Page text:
Posted: March 12th, 2015

Court vist and report

Court vist and report

Literature Review: What questions and concerns about justice have been raised by the essential reference? Refer to theoretical perspectives in other references

just write about the law books about how long it takes for judges to go through the list and how important powerful they are, for and agaist, and court procdings ..


Mack, K. & Roach- Anleu, S. (2007) ? ?Getting through the list?: Judge craft and legitimacy in the lower courts? Social and Legal Studies,v

Roach- Anleu S., Mack, K. (2007) ?Magistrates, Magistrates Courts and Social Change?, Law and Policy


In the shadow of the law, the legal context of social work, thid ed, swain P, Rice S.

1. Describe the court you attended and explain where it fits in the court     hierarchy. (5 marks)
2. How would an unrepresented person find legal advice or representation on his/her day in court? Give details of what you saw. (5 marks)

SECTION TWO:  Observations and evaluation

Observe court proceedings and evaluate the quality of justice delivered. You should deal with access to representation and the conduct of the proceedings as part of your report. However, you are able to choose any aspect of court proceedings which you have observed as the foundation for your report.
Quality of justice
Access to representation
Conduct of proceedings
FORMAT (Report style, mandatory subheadings)

•    Introduction Briefly outline what the question is about and why it is an important one.  (maximum 150 words)

•    Literature Review: What questions and concerns about justice have been raised by the essential reference? Refer to theoretical perspectives in other references. (

(Concerns about access and equity all readings)

•    Observations: Present your observational data within a narrative structure that tells a story about the major findings that can be derived from your court/tribunal visit – keep your question in mind when you are presenting this data.  Highlight any significant incidents but also give an overall account of the experience of justice that typical participants might have in this court.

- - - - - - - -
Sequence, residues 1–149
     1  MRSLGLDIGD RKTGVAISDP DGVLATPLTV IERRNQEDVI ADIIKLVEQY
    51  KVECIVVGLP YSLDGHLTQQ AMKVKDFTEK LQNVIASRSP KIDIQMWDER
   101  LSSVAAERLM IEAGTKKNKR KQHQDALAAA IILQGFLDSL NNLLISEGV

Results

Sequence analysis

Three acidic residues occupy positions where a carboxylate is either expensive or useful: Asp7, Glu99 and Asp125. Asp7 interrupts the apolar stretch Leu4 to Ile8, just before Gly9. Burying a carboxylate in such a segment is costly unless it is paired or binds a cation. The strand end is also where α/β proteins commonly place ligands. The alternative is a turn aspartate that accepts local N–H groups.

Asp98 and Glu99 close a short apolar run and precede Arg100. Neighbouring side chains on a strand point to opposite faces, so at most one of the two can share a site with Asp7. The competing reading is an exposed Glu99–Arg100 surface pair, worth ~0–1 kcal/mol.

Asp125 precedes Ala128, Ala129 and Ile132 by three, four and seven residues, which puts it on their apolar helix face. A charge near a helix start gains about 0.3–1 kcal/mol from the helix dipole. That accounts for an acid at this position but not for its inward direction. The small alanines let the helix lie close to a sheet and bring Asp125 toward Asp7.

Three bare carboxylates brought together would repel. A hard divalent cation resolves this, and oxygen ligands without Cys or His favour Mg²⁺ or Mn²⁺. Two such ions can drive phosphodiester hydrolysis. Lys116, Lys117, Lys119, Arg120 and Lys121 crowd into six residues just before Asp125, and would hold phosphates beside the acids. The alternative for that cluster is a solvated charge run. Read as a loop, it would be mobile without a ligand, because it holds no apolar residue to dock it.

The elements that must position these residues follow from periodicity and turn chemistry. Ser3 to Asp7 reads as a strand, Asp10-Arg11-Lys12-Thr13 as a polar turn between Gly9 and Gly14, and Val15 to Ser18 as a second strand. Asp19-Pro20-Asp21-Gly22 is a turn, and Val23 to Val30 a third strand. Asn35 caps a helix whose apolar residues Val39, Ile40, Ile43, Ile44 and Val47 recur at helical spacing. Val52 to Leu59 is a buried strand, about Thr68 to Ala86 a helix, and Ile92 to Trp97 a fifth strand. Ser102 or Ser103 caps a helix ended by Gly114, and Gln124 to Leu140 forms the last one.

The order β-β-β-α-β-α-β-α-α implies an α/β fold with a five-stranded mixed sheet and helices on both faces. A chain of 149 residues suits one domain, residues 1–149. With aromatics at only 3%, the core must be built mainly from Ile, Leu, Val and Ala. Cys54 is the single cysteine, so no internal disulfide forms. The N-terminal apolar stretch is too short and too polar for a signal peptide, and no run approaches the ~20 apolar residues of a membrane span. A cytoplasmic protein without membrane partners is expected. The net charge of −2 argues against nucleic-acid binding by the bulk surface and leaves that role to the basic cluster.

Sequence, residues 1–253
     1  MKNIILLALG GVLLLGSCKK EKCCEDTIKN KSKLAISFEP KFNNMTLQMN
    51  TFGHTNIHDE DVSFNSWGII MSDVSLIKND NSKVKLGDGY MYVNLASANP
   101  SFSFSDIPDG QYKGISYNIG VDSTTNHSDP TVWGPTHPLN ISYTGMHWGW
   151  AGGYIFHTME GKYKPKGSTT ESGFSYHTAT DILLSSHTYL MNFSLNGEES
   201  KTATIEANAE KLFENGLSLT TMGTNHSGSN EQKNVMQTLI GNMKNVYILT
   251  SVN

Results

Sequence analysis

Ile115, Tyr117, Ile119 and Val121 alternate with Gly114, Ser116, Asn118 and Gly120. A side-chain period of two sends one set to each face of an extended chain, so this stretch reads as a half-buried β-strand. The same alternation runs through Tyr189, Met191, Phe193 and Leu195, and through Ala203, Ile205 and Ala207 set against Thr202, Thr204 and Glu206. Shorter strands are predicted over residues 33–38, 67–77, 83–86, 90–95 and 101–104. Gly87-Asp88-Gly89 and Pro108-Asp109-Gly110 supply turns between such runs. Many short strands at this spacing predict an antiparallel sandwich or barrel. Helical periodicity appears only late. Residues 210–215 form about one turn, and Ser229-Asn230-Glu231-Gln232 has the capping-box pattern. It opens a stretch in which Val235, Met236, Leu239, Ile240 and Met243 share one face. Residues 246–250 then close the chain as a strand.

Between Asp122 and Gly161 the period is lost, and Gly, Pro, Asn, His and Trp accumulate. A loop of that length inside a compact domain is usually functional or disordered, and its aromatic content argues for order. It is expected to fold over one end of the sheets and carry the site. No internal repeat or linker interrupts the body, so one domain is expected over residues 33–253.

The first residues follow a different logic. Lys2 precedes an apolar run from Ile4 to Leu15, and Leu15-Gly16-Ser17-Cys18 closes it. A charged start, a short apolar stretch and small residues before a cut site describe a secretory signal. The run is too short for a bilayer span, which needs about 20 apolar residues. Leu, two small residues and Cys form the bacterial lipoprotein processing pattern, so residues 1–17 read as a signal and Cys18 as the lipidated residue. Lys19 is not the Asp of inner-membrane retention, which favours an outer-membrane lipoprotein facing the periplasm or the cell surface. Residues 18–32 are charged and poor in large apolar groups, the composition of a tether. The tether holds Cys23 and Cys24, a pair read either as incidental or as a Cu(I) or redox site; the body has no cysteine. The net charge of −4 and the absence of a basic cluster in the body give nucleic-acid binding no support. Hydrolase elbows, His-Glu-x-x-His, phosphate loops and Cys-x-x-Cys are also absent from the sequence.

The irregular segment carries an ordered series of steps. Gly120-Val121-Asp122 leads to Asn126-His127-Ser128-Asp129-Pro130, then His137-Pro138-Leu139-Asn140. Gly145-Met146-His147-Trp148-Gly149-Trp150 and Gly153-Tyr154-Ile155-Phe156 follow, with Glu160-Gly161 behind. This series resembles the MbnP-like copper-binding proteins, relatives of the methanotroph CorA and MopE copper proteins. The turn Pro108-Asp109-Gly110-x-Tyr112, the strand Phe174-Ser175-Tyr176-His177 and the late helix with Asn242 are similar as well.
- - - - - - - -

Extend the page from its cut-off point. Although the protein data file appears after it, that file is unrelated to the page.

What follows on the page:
•    Evaluation: Interpret your data in relation to your question.
What is the significance of your findings? How do they relate to the theoretical material?
Observation and Evaluation section 1200 -1800 words – keep the observation section to a maximum of 70% of this.

•    Conclusion: Summarise your main findings in relation to your question and, If you wish, identify areas for reform either at the court level or systemically.
Conclusion 100- 300 words


Mack, K. & Roach- Anleu, S. (2007) ‘ “Getting through the list”: Judge craft and legitimacy in the lower courts’ Social and Legal Studies,vol.16, pp.341-61

Carlen, P (1976) ‘Magistrates’ Justice’, in Carlen, P. (2010) A Criminological Imagination Farnham: Ashgate

Gray, A., S.  Forrell & Clarke, S.  (2009)  ‘Cognitive impairment, legal need and access to justice’, Justice Issues, Paper 10 Law and Justice Foundation of New South Wales

McBarnet, D (1981) Conviction: Law, the state and the construction of justice London, Macmillan (on reserve)

Parliament of Australia, Senate Legal and Constitutional Committee (2004) Inquiry into Legal Aid and Access to Justice  This report has many relevant chapters including the following (Chapter 10: ‘ Self-Represented Litigants’),  (Chapter 5: Indigenous Legal Services) Chapter 8  Other Groups with Particular Needs)and Chapter 4 Women and Family Law).

Roach- Anleu S., Mack, K. (2007) ‘Magistrates, Magistrates Courts and Social Change’, Law and Policy vol. 29, no.2 pp. 183-209

Tait, D (1999) ‘Boundaries and Barriers: The Social Production of Space in Magistrates Courts and Guardianship Tribunals Journal of Social Change and Critical Inquiry, 1.

Taivolt, D (2003) ‘The Ritual Environment of the Mental Health Tribunal Hearing: Inquires and reflections’, Psychiatry, Psychology and Law, vol.10 pp 91-96 (leave out)

Vanny, K. A., Levy, M. H., Greenberg D. M &. Hayes, S.C (2009)   ‘Mental Illness and Intellectual Disability in Courts’, Journal of Intellectual Disability Research vol. 53

•    All courts except Children’s and Family Courts and where the judicial officer has closed the court, are open to the public, therefore you will not need permission to attend. You may wish to let the court officer know, as a matter of courtesy, that you will be taking notes

•    Anyone wishing to attend closed courts must email the course coordinator this week with available dates and times

•    Please ensure that you dress appropriately and remember that you are representing the University. Your behaviour should be respectful and compliant with court conventions – eg turn your phone off, do not engage in loud conversations in court.

•    Try to identify all of the parties in court. The prosecutor usually sits at the end of the bar table, other legal professionals will come in and out of the court. If they have time, many are happy to speak to students.

•    Most courts have a “list day” in which all of the matters are “mentioned”. If you wish to attend a hearing (Local court) or a trial (higher courts) you will need to look at the list and arrange your attendance accordingly.

•    Many court complexes have numerous courts sitting at the same time, for example, Downing Centre and Parramatta, which also have District Courts. The Supreme Court usually only sits in the CBD. You are more likely to find something interesting where there are a number of courts.

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